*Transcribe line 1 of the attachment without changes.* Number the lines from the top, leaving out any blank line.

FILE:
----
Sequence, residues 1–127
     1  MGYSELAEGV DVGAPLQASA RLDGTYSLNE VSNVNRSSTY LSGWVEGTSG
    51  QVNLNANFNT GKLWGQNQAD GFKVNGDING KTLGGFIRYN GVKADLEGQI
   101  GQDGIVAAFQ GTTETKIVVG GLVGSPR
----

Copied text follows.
Sequence, residues 1–127